The Path of Suffering

Leaving Rubiaes, we are on the downward course to Tui. Naively we think we are in for an easy day. It is one of those mystical magical mornings with mist rising and swirling through the valleys and over the farmers fields. It is cool and fresh and we are so glad not to be facing the uphill scrabble of the scree covered paths of yesterday. Another lesson in enjoying the moment because you do not know what is coming next.

As we continue the descent, there are lovely paths through enchanted forests and remarkable old walls built without mortar. Then it begins. Now we are not only contending with the same kind of scree covered ruts, but we are slip sliding our way down some unpleasant runs. I won’t rub in the details, but there were moments when the fatigue from yesterday caught up and doubled the weariness today. Not nearly as long and hard, but more than enough to be discouraging.

For the first time, I find myself wishing I could quit. Who would care if you quit says the little voice. A second’s thought an the answer is clear. I would. Without wanting to be too melodramatic, my thoughts turned to Jesus on the Via Doloroso. He had no choice about walking that weary road. I do. He was scourged and bleeding. I am only exhausted. He was walking to certain death. I am walking to an encounter with life. Surely this is part of what the Camino is about…..facing our physical and emotional limits in company with the Christ who calls us to do more that we think we can. It also humbles me to think of all those in the world who have to walk dreadful paths through no choice of their own, and with no assurance that it will get better.

The final stretch is through another ‘Hansel and Gretel’ forest path, opening on a beautiful vista of Valenca in the distance. Continuing down we Catch up with a young Polish woman who was also at the last Albergue. Carolina joined us and at another little bridge we run into a young German couple we had met last night. A stop for lunch and we continue the trek. In Valenca we make a small wrong turn but the director at the fort set us straight and we were shortly crossing the bridge into Spain. It is a double decker built before WWI with cars and pedestrians on the lower level and trains above.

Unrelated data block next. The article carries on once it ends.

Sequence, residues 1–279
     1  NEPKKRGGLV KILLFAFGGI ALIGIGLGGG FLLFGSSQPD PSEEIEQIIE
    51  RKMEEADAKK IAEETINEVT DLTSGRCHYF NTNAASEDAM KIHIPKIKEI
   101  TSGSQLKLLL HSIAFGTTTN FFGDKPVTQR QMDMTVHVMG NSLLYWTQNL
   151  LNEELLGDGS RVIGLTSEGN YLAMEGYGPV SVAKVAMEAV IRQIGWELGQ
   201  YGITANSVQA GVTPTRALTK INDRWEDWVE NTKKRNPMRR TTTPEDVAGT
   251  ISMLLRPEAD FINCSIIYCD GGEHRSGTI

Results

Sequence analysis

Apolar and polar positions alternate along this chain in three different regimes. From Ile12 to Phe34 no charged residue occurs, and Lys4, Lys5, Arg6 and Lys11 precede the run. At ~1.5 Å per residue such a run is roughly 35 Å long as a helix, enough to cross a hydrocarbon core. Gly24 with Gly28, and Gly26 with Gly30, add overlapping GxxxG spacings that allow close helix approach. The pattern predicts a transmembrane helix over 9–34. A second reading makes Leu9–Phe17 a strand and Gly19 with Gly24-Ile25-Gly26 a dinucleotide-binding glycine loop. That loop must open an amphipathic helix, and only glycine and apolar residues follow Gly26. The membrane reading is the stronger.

The final kick in the butt comes as we realize the Albergue is at the summit of the hill on which the Cathedral sits. We struggle up the twisting road switch backs till we enter the square in front of the stolid looking grey building rising out of the stone. We find our way around the back to the sleeping quarters where a somewhat stern lady tells us we MUST be in by 22:00 because that is when she locks the door. There is no mistaking that if you are late you are out! We are also told in no uncertain terms that we must be OUT by 8:00 and NO FOOD IN THE BUILDING! After the routine shower and laundry process, I try to get on wifi at the Tapas bar in the cathedral square but can’t connect there or any of the other places I try. So the blog for today is one day late. Sorry about that! Good chicken dinner at a local restaurant and into bed early for the first full night sleep since we arrived in Lisboa. Maybe jet lag is finally over.

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One Response to The Path of Suffering

  1. A lot like life – this Camino walking gig. I could say “don’t give up” – but then, I’m not the one doing the trekking. All I can say is “well done” – and thank you for sharing everything – the good with the difficult. Sending lots of light energy and praying for all the right moments and surroundings to keep all of you safe and lifted. Blessings Websters!!

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